He saw little use for “auxiliary aviation” (that is, fighters). In later years, he
even maintained these forms of aviation
were “worthless, superfluous, harmful,”
as they were defensive. “Viewed in its
true light, aerial warfare admits of no
defense, only offense,” he said.
The 1920s and 1930s were years of
relative peace, so Douhet’s theories did
not face the test of war for two decades.
The true extent of his influence on actual
military doctrine remains a subject of
controversy. . . It appears, in the United States,
Douhet’s work served to reinforce the
views of Air Corps officers who had
already come to the same conclusions
by other routes.
Douhet’s convictions, as Gen. Henry
H. “Hap” Arnold reported in his book,
Global Mission, provided ideological
ballast to U.S. Army Air Forces doctrine.
“As regards strategic bombardment,
the doctrines were still Douhet’s ideas
modified by our own thinking in regard
to pure defense,” said Arnold.
Source: Air Force Magazine, April 2011
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British Handley-Page Bomber
No aces here. These features take a top-down look at aviation as it affected the war and later planning for the next war.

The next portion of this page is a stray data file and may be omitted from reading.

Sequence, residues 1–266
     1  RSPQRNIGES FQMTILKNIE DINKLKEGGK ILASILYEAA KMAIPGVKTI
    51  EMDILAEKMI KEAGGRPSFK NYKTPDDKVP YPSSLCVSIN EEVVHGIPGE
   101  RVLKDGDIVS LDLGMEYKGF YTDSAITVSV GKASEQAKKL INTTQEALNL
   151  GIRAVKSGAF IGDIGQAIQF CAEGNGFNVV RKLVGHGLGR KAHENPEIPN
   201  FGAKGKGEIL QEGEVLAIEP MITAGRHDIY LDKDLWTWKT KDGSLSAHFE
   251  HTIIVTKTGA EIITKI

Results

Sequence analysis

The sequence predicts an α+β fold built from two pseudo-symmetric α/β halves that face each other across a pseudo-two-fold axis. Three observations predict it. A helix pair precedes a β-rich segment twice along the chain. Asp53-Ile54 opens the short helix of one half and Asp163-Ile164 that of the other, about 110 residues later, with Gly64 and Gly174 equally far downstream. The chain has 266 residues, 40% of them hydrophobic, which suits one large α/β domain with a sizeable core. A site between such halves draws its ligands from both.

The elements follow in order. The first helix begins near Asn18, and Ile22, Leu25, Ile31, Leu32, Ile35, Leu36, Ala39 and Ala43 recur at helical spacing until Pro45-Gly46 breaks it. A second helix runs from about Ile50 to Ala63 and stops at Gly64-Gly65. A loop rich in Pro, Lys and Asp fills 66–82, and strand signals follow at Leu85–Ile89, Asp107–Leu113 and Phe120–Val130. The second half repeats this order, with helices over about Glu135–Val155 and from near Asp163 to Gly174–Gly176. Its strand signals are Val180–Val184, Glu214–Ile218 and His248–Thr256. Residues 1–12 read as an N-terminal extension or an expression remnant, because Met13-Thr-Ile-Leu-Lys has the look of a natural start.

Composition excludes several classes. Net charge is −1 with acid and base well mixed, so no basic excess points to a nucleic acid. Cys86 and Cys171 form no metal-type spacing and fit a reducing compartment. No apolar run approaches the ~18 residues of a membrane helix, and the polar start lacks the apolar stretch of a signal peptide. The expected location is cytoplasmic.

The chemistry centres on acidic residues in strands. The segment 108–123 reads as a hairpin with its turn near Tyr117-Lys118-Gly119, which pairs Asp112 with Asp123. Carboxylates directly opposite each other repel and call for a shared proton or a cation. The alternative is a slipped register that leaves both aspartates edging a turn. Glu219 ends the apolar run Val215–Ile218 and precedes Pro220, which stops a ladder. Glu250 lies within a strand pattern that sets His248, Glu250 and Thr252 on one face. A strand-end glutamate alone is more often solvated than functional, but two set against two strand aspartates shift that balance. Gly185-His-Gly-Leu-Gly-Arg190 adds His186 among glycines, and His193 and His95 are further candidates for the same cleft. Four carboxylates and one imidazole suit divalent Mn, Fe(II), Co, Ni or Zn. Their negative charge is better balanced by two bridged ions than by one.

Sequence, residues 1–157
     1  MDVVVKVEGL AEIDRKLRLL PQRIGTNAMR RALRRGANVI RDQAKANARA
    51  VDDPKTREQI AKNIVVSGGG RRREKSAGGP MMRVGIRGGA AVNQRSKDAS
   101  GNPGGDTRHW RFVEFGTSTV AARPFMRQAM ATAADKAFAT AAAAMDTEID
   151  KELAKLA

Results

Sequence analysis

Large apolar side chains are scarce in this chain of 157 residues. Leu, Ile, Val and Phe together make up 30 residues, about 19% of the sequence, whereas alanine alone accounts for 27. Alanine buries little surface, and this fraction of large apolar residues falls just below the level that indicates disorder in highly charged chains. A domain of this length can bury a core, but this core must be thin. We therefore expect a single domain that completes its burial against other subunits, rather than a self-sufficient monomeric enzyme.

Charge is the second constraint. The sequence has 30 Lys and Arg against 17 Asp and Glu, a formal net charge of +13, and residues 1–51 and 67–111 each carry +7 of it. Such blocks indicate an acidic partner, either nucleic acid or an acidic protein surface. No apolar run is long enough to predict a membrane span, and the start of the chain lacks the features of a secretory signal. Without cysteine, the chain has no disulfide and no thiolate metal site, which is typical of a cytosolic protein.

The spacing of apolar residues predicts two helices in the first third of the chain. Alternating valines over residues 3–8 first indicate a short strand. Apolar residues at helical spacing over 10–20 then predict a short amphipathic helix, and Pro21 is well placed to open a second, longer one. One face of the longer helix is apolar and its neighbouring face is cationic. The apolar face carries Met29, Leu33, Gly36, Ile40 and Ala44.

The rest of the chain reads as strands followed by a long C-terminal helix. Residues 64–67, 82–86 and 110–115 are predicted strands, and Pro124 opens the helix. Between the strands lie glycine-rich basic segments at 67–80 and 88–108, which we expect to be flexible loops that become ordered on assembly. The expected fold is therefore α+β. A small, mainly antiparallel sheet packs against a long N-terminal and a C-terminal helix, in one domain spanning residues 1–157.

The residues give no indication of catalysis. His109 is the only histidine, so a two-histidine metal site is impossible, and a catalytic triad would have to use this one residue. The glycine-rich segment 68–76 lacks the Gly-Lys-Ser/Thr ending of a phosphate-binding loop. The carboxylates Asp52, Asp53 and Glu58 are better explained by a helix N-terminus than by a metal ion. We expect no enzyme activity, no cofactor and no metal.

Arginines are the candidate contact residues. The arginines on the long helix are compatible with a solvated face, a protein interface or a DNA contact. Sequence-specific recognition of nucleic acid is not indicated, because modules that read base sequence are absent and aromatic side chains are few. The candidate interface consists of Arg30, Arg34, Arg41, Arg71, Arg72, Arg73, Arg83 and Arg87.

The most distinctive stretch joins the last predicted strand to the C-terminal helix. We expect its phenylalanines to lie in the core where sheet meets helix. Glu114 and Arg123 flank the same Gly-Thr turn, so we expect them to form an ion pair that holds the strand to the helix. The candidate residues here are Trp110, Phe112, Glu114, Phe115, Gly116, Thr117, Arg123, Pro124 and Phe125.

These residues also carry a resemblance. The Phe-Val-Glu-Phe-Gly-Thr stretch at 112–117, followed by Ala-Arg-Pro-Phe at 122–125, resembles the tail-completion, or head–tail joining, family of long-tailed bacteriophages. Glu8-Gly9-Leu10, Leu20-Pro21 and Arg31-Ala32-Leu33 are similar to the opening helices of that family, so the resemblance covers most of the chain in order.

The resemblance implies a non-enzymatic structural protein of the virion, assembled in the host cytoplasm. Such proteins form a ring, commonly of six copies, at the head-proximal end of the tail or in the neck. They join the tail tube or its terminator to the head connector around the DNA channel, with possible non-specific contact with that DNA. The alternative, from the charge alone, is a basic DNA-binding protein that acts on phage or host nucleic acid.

He was neither seen nor heard as he fell, his body and his machine were never found. Where has he gone? By what wings did he manage to glide into immortality? Nobody knows; nothing is known. He ascended and never came back, that is all. Perhaps our descendants will say: "He flew so high that he could not come down again.
L'Illustration, 6 October 1917
By 1932: A Growing Fear for the Future
Prime Minister Stanley Baldwin
One of the most important consciousness-raising attempts by
politicians about the terrible realities of air warfare came in the
speech by the Conservative leader Sir Stanley Baldwin to the
House of Commons in 1932. Baldwin pointed out that no town was safe: "The question is: whose morale will be shattered quickest by that preliminary
bombing?" Baldwin was content to ram home his point that rapidly evolving aircraft technology was a threat in and of itself: "I think it is well also for the man in the street to realize that there is no power on earth that can protect him from being bombed, whatever people may tell him. The bomber will always get through."
Source: The Blitz Companion
Early Fear of Aerial Bombardment
The Threat of Airpower Imagined